# Rings with zero divisors

Is there a ring $~R~$ with non-trivial multiplication (i.e. $~\exists a,b\in R ~~~ ab\neq 0$) such that each non-zero element of $~R~$ is a zero-divisor?

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Presumably, then, you allow rings without identity, since the identity cannot be a zero divisor. –  Thomas Andrews May 20 '13 at 14:00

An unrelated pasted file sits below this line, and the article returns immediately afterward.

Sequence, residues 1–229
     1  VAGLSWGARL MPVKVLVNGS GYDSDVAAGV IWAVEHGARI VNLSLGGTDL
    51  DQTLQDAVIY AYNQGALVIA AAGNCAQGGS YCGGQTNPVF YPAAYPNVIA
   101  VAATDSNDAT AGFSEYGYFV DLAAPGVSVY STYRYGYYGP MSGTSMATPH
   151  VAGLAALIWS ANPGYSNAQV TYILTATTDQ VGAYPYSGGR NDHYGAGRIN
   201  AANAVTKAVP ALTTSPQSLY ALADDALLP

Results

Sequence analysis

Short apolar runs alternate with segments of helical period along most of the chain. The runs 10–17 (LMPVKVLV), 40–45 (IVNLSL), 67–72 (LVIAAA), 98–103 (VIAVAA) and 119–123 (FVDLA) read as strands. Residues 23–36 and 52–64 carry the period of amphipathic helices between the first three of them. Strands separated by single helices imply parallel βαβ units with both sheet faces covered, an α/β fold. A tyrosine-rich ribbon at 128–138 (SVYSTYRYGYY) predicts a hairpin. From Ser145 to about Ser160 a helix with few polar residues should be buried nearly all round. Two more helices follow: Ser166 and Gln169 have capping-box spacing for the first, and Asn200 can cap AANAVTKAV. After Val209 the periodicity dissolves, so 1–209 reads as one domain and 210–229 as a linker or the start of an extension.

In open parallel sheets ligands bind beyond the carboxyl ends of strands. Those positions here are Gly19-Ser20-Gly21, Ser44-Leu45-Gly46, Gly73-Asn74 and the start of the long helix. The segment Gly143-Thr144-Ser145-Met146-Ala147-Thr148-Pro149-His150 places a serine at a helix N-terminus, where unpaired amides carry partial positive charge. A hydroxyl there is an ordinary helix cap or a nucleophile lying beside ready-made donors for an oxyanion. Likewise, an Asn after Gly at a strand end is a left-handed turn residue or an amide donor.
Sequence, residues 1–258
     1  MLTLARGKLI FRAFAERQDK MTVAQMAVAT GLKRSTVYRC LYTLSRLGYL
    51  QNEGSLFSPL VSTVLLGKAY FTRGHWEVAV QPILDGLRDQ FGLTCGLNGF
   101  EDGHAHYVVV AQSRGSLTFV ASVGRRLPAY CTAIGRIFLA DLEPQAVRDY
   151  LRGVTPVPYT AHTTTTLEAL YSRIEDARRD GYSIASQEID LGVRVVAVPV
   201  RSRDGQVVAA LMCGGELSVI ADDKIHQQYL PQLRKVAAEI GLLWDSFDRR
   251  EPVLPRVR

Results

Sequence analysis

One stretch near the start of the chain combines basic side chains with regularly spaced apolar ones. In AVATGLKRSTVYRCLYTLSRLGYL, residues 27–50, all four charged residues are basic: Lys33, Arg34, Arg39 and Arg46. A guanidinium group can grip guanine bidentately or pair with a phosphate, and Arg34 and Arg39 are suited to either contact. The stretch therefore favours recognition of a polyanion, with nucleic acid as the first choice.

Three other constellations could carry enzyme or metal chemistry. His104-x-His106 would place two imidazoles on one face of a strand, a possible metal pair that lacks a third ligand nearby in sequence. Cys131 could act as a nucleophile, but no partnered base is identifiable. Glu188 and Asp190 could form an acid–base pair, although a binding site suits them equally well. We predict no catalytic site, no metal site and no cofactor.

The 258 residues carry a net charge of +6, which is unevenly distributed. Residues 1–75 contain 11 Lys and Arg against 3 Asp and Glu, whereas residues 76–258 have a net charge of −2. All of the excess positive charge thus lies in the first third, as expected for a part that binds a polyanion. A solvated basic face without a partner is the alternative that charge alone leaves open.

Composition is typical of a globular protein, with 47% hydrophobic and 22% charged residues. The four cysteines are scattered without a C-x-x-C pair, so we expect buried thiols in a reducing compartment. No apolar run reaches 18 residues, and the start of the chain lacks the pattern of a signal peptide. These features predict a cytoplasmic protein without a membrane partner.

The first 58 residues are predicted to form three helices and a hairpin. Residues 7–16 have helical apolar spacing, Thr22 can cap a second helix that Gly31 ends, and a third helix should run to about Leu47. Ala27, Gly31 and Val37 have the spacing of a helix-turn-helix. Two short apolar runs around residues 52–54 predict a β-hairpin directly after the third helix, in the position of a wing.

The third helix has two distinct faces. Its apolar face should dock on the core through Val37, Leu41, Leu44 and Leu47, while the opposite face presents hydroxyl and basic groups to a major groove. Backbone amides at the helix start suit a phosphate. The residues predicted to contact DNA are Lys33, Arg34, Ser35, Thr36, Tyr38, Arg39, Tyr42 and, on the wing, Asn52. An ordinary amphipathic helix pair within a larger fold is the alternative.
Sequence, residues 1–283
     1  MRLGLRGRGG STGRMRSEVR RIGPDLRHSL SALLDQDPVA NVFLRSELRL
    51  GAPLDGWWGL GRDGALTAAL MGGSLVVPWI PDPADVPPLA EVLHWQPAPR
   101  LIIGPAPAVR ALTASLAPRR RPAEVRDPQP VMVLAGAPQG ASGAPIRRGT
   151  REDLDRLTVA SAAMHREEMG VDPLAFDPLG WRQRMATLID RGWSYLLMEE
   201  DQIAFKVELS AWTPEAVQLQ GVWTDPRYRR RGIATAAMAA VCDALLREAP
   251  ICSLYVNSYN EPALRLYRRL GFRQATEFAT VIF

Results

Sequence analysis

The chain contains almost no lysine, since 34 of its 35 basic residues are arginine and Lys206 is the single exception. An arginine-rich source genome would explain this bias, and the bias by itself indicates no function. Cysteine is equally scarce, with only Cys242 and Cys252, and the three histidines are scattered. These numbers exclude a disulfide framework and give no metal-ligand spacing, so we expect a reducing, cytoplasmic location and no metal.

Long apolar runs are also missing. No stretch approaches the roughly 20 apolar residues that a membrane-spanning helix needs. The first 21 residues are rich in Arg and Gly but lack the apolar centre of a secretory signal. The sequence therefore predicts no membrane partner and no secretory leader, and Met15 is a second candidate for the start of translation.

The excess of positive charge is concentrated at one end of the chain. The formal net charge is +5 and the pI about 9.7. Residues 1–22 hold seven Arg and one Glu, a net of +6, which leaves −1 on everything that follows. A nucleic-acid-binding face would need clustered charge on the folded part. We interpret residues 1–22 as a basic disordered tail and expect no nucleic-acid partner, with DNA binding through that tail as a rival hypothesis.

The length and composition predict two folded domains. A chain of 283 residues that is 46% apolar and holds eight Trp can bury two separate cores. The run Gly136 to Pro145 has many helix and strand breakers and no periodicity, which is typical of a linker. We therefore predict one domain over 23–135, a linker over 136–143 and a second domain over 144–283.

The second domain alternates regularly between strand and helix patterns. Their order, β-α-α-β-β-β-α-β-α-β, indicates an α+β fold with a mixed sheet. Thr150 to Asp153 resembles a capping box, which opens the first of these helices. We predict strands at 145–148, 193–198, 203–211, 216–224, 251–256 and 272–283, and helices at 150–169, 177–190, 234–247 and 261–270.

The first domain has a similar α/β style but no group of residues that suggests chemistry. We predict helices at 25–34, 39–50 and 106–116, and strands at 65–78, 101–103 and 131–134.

@ThomasAndrews I use the following definition of a ring: (R,+) is an abelian group; multiplication is associative and distributive. Multiplication identity isn't required. –  Igor May 20 '13 at 14:03

The simplest example might be $R=2\mathbb Z/8\mathbb Z$. Then $2\cdot 2\neq 0$ but $a\cdot 4=0$ for all $a\in R$.
A (trivialish) example is $\{0, 1\}$ with $1 \cdot 1 = 0$.